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spring-cloud-cloudfoundry | Integration between Cloudfoundry and the Spring | Microservice library

 by   spring-cloud Java Version: Current License: Apache-2.0

 by   spring-cloud Java Version: Current License: Apache-2.0

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kandi X-RAY | spring-cloud-cloudfoundry Summary

spring-cloud-cloudfoundry is a Java library typically used in Architecture, Microservice, Spring Boot, Spring, Cloud-foundry applications. spring-cloud-cloudfoundry has no vulnerabilities, it has build file available, it has a Permissive License and it has low support. However spring-cloud-cloudfoundry has 4 bugs. You can download it from GitHub, Maven.
Spring Cloud for Cloudfoundry makes it easy to run Spring Cloud apps in Cloud Foundry (the Platform as a Service). Cloud Foundry has the notion of a "service", which is middlware that you "bind" to an app, essentially providing it with an environment variable containing credentials (e.g. the location and username to use for the service). The spring-cloud-cloudfoundry-commons module configures the Reactor-based Cloud Foundry Java client, v 3.0, and can be used standalone. The spring-cloud-cloudfoundry-web project provides basic support for some enhanced features of webapps in Cloud Foundry: binding automatically to single-sign-on services and optionally enabling sticky routing for discovery. The spring-cloud-cloudfoundry-discovery project provides an implementation of Spring Cloud Commons DiscoveryClient so you can @EnableDiscoveryClient and provide your credentials as spring.cloud.cloudfoundry.discovery.[username,password] (also *.url if you are not connecting to Pivotal Web Services) and then you can use the DiscoveryClient directly or via a LoadBalancerClient.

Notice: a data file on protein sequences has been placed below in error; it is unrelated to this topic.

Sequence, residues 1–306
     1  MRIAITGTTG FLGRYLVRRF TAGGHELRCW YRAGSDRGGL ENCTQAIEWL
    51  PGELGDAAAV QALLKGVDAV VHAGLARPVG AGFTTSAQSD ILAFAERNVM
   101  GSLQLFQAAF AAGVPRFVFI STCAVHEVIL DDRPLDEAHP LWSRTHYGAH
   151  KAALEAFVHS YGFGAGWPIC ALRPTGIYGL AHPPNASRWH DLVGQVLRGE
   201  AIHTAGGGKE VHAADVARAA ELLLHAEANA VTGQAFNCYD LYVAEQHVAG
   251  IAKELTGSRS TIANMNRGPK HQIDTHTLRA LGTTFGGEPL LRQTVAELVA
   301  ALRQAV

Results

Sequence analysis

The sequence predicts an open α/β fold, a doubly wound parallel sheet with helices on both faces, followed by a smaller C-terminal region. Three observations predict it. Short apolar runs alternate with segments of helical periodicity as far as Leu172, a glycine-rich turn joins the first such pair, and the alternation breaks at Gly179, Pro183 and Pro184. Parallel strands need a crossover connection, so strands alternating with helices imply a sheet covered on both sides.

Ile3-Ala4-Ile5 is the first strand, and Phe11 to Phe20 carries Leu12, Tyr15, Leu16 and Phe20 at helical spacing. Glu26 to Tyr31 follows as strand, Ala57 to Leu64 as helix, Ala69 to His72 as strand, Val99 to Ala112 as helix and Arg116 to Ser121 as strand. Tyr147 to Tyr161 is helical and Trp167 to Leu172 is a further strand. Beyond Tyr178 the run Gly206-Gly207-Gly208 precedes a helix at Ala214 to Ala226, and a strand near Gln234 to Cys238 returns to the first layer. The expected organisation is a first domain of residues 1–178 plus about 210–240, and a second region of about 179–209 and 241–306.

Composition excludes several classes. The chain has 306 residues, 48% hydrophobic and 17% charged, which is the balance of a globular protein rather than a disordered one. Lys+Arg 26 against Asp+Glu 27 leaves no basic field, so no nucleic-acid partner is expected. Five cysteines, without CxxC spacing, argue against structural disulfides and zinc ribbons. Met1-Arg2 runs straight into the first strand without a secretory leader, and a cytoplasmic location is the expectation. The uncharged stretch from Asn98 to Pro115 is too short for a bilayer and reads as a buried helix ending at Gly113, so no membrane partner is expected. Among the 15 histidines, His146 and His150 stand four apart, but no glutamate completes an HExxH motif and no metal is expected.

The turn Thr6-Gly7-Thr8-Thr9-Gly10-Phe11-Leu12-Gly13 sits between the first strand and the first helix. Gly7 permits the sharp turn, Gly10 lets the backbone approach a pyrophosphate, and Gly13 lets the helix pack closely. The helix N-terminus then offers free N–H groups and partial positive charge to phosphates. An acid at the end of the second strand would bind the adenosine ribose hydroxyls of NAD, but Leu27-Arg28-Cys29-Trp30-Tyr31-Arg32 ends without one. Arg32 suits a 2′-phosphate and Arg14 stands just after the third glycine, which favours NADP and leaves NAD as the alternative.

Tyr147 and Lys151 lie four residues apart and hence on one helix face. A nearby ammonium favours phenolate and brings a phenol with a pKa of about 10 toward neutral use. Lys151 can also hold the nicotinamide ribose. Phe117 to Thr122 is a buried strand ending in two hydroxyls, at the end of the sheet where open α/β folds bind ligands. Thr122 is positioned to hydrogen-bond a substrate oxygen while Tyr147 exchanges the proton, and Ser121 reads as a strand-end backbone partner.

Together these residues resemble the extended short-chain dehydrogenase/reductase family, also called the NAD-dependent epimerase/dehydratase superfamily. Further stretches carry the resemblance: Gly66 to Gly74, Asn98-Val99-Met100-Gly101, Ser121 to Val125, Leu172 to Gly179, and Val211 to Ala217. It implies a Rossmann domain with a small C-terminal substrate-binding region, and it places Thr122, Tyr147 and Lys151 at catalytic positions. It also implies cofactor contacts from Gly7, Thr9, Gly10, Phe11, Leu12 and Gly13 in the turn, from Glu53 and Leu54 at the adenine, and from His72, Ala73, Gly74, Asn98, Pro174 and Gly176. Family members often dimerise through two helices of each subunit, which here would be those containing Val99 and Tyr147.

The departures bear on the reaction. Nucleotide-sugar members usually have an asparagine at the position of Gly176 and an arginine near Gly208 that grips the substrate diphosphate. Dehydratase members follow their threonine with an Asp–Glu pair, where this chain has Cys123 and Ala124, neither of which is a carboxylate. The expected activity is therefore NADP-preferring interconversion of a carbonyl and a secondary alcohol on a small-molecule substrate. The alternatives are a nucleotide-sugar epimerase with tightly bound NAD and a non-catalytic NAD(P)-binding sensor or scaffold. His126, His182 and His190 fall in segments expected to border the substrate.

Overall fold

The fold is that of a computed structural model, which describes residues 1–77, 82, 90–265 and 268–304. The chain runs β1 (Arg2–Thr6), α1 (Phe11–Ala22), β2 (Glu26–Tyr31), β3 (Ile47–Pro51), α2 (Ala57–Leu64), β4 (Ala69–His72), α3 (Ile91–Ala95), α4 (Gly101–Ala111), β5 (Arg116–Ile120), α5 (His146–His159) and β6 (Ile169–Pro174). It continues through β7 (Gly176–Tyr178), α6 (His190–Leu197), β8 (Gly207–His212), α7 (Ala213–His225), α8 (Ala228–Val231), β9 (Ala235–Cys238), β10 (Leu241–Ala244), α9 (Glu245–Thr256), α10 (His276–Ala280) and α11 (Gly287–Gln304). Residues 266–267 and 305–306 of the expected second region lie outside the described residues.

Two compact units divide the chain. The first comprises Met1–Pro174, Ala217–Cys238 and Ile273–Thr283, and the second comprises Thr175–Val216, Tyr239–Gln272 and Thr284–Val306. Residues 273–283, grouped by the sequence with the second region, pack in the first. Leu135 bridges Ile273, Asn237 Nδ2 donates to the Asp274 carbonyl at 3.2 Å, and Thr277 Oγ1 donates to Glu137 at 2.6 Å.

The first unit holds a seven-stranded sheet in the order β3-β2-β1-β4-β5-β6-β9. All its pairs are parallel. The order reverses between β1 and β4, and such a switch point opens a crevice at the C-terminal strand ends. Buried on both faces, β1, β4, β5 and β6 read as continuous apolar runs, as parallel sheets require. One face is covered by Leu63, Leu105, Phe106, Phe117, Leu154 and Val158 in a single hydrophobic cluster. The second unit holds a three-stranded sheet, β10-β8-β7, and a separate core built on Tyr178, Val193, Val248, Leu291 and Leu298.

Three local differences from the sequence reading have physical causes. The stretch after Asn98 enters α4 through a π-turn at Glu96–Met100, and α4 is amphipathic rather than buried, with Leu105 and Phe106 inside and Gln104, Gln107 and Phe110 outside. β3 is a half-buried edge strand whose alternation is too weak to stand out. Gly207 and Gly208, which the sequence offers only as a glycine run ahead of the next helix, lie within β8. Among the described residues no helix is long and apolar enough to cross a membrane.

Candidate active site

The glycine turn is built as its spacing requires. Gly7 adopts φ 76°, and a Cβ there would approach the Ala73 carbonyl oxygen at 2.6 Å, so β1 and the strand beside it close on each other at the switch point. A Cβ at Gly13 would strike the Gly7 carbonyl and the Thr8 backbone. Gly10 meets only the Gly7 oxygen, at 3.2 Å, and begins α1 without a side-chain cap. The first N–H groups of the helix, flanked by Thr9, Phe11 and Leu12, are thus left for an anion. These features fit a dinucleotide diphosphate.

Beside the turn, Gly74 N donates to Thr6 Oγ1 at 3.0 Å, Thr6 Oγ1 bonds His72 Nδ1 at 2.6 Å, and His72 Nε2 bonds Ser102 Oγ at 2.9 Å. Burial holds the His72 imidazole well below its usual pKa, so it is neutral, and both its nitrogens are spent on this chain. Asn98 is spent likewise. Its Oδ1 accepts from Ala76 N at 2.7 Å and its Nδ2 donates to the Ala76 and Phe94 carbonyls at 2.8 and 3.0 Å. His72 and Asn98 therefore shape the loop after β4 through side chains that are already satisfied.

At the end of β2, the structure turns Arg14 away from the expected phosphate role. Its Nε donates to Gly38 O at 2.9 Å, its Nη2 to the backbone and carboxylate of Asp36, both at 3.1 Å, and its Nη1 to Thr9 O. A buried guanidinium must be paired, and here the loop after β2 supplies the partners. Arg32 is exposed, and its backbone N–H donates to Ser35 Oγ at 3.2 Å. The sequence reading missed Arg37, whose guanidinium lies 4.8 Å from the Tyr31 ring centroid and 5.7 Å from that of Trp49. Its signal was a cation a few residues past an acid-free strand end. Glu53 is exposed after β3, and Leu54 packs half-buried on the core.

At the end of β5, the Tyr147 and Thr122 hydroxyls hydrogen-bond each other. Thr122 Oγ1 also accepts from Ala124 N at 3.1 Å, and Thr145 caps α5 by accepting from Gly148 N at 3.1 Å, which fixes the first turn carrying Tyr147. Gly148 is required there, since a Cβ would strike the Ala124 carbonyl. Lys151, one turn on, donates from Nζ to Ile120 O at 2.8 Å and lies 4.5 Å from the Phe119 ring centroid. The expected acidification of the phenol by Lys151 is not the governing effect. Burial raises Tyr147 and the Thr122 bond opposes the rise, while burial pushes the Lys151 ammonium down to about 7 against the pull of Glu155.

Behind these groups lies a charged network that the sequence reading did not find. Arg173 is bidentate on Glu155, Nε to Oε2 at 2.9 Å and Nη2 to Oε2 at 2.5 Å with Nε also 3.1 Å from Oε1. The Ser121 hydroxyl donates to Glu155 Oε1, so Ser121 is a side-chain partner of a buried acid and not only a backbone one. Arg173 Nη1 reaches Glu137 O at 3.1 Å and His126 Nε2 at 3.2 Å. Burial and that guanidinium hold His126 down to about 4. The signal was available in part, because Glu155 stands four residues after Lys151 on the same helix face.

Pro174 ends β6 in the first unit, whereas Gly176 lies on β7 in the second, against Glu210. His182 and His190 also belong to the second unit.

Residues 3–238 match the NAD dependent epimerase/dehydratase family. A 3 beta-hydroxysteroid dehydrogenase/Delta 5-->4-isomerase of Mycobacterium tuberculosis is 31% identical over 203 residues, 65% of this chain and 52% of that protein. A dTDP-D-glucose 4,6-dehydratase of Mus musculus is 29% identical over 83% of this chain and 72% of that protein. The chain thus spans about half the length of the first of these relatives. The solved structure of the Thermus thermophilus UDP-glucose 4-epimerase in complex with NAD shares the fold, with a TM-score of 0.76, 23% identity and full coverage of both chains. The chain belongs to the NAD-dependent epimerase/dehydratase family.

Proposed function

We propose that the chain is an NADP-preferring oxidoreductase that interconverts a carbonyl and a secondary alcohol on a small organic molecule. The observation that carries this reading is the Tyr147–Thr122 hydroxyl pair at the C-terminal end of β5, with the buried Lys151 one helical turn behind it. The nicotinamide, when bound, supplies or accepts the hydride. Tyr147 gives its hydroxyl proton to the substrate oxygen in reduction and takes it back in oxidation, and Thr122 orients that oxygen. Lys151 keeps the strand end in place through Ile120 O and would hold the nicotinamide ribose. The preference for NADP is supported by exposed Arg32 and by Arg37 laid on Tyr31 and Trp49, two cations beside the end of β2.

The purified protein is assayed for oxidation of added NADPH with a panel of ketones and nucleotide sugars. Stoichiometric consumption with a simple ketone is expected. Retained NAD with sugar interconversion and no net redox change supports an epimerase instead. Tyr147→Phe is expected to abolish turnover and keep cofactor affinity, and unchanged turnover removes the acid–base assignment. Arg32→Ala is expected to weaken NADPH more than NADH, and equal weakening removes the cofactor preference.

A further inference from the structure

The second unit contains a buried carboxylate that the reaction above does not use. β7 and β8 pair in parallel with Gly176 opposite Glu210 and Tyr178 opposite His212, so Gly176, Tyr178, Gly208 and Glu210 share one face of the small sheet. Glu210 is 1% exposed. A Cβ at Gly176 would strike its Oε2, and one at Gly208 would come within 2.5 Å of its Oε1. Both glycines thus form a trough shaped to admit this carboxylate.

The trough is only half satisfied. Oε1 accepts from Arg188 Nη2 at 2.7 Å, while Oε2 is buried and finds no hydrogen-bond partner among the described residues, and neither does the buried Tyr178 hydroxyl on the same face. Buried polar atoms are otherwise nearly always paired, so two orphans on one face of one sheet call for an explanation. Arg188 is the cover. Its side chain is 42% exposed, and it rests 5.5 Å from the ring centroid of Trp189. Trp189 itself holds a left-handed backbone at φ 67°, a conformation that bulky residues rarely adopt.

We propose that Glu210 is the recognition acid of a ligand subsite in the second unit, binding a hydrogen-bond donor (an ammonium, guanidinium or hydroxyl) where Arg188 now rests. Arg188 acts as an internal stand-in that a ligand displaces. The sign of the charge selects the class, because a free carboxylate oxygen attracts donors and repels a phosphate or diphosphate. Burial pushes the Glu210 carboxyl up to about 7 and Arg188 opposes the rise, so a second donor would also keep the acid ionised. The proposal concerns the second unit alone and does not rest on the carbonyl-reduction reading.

Support
Support
Quality
Quality
Security
Security
License
License
Reuse
Reuse

kandi-support Support

  • spring-cloud-cloudfoundry has a low active ecosystem.
  • It has 83 star(s) with 65 fork(s). There are 36 watchers for this library.
  • It had no major release in the last 12 months.
  • There are 2 open issues and 20 have been closed. On average issues are closed in 71 days. There are 6 open pull requests and 0 closed requests.
  • It has a neutral sentiment in the developer community.
  • The latest version of spring-cloud-cloudfoundry is current.
This Library - Support
Best in #Microservice
Average in #Microservice
This Library - Support
Best in #Microservice
Average in #Microservice

quality kandi Quality

  • spring-cloud-cloudfoundry has 4 bugs (0 blocker, 0 critical, 0 major, 4 minor) and 37 code smells.
This Library - Quality
Best in #Microservice
Average in #Microservice
This Library - Quality
Best in #Microservice
Average in #Microservice

securitySecurity

  • spring-cloud-cloudfoundry has no vulnerabilities reported, and its dependent libraries have no vulnerabilities reported.
  • spring-cloud-cloudfoundry code analysis shows 0 unresolved vulnerabilities.
  • There are 2 security hotspots that need review.
This Library - Security
Best in #Microservice
Average in #Microservice
This Library - Security
Best in #Microservice
Average in #Microservice

license License

  • spring-cloud-cloudfoundry is licensed under the Apache-2.0 License. This license is Permissive.
  • Permissive licenses have the least restrictions, and you can use them in most projects.
This Library - License
Best in #Microservice
Average in #Microservice
This Library - License
Best in #Microservice
Average in #Microservice

buildReuse

  • spring-cloud-cloudfoundry releases are not available. You will need to build from source code and install.
  • Deployable package is available in Maven.
  • Build file is available. You can build the component from source.
  • Installation instructions, examples and code snippets are available.
  • It has 2180 lines of code, 145 functions and 39 files.
  • It has low code complexity. Code complexity directly impacts maintainability of the code.
This Library - Reuse
Best in #Microservice
Average in #Microservice
This Library - Reuse
Best in #Microservice
Average in #Microservice
Top functions reviewed by kandi - BETA

kandi has reviewed spring-cloud-cloudfoundry and discovered the below as its top functions. This is intended to give you an instant insight into spring-cloud-cloudfoundry implemented functionality, and help decide if they suit your requirements.